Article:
Brexit sealed Christmas as quiet for IT contractors
The quiet Christmas that was on the cards for IT contractors back in November delivered in earnest, as growth in demand for their skills effectively flatlined in December.
Hirers using the festive season to wind down their campaigns partly led to the flatlining, yet an atypical factor also caused IT contractor demand to register at 58.3, versus 58.6 in November.
“December is always a bit of lean period in the jobs market but Brexit has amplified that effect,” says James Stewart of KPMG, co-authors of Report on Jobs which features the scores.
This ‘Brexit-effect’ was spotted before Christmas, as despite usually being favoured by jittery hirers, temporary candidates were said to be contending with a lull due to UK-EU uncertainty.
“People don’t want to move jobs right now because there is so much uncertainty”, Mr Stewart, KPMG’s vice-chair said in the report, which is published by agency body the REC.
“In addition, the supply of EU citizens entering the UK for work is slowing.”
He added that one upshot of both inert job-holders and fewer EU applicants is that “talent gaps in industries like…IT are opening up.”
In the temporary IT skills market, that is happening with Oracle Fusion -- the skill was hard to find for freelance computer contracts in November, and was still hard to find last month.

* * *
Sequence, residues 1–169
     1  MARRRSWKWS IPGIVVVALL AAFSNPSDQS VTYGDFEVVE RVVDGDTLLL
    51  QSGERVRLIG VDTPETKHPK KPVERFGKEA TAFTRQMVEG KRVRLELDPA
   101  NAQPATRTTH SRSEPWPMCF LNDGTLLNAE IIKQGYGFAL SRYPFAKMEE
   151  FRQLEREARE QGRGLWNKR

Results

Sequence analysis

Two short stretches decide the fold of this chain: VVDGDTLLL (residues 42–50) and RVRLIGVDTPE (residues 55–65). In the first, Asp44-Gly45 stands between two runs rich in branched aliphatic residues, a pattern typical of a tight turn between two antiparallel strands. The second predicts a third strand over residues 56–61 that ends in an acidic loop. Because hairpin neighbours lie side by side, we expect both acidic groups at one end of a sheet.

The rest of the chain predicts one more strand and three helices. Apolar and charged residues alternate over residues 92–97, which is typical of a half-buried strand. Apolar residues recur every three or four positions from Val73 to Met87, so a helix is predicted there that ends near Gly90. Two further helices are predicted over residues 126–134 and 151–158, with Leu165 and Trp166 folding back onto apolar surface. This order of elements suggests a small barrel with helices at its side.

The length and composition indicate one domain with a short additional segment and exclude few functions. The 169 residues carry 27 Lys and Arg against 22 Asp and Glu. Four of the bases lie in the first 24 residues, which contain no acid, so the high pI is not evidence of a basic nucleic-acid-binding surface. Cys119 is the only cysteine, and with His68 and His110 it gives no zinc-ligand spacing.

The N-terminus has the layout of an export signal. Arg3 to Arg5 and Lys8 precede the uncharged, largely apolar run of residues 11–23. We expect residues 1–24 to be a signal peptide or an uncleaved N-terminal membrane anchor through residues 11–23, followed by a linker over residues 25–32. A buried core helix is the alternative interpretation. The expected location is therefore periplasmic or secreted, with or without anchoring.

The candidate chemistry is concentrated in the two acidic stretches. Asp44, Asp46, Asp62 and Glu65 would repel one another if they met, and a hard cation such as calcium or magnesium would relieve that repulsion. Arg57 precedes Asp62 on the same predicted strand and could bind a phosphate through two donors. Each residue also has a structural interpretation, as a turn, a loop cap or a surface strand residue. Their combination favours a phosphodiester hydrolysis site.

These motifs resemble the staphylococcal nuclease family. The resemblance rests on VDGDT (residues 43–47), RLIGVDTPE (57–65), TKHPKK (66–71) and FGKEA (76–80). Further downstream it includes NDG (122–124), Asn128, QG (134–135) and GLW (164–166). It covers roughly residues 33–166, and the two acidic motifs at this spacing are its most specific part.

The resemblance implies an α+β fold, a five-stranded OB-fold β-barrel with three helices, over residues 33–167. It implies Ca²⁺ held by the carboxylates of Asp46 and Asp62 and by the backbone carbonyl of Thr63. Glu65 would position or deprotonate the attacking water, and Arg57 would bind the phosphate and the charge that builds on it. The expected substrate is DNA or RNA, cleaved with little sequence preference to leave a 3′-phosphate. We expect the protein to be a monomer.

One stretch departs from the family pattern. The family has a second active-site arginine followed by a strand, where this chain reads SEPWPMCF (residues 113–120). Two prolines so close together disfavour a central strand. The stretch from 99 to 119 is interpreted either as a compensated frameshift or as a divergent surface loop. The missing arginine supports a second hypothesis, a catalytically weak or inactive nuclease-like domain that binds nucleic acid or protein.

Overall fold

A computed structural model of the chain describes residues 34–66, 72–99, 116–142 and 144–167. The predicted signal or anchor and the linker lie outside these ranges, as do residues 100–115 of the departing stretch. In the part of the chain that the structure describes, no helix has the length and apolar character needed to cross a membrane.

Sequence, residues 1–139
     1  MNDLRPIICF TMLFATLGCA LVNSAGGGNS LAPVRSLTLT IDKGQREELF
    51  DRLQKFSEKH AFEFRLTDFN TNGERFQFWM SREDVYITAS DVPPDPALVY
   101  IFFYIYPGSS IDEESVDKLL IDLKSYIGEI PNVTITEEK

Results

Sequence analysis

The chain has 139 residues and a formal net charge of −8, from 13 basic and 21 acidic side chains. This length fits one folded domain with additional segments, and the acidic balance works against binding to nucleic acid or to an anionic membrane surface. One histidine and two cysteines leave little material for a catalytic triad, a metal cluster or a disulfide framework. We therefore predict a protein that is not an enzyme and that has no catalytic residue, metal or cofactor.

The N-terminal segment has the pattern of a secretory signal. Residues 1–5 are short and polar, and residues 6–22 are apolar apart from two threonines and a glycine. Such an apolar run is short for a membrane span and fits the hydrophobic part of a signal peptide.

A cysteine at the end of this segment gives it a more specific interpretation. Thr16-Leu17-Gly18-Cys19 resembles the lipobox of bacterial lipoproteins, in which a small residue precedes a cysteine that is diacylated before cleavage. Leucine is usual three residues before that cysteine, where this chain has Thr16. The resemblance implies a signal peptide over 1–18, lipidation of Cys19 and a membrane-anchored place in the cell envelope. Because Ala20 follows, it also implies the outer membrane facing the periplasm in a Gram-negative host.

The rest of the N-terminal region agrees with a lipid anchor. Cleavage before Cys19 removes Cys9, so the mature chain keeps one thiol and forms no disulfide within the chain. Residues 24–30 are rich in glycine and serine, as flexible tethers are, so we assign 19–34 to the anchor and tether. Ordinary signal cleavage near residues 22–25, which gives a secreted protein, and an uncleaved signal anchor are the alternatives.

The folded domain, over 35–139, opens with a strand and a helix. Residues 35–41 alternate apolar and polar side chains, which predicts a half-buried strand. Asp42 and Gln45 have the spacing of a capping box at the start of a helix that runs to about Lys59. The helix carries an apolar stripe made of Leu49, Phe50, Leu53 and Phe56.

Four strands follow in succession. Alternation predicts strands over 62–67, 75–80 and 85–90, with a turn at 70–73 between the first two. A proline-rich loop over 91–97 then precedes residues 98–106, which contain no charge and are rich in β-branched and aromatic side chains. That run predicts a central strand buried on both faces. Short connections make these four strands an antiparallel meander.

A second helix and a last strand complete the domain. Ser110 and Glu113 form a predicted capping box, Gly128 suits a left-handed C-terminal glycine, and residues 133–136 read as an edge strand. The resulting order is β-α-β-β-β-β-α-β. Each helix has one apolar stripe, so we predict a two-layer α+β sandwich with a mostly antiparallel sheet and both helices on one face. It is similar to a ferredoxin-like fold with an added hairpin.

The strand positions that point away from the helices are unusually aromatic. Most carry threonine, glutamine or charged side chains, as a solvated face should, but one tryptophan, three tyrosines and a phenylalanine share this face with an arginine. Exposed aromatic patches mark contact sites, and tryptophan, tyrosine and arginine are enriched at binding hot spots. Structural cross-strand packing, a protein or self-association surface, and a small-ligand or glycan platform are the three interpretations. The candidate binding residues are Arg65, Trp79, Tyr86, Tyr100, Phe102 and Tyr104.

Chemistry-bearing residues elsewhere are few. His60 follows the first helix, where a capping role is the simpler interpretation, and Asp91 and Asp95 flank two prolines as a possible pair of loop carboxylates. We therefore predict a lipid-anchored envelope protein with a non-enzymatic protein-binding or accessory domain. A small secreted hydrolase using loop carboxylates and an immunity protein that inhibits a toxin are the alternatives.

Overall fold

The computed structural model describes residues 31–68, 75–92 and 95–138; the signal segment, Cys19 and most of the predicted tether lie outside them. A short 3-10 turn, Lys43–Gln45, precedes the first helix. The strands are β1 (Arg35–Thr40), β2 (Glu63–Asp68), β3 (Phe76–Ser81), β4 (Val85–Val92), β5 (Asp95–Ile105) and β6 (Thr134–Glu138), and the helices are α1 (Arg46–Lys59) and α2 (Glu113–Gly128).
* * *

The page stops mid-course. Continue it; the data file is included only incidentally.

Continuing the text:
'Digital and Web'
This trio being labelled ‘in short supply’ chimes with an alert from niche jobs agency Bowers Partnership, which has said clients will use 2019 to boost their digital and web-based offerings.
Cue, Software Development, CAD, Cyber Security, Data and IT generalists also proving hard for agencies to source in December, for both full-time positions and temporary opportunities.
Overall, and given the index score of 58.3, those opportunities in IT grew in December (any score over 50.0 indicates monthly growth), but full-time applicants lacked Automation, Analytics; C#, Digital, Gaming, Software Engineering and Systems Architecture skills.
'Opportunities out there'
“Economic uncertainty is now affecting companies’ hiring plans,” says Neil Carberry, chief executive of the Recruitment & Employment Confederation (REC).
“But the underlying strength of our labour market is still there -- vacancies are high and temporary placements rose in the run-up to Christmas. There are opportunities out there for people who want to change job in 2019.”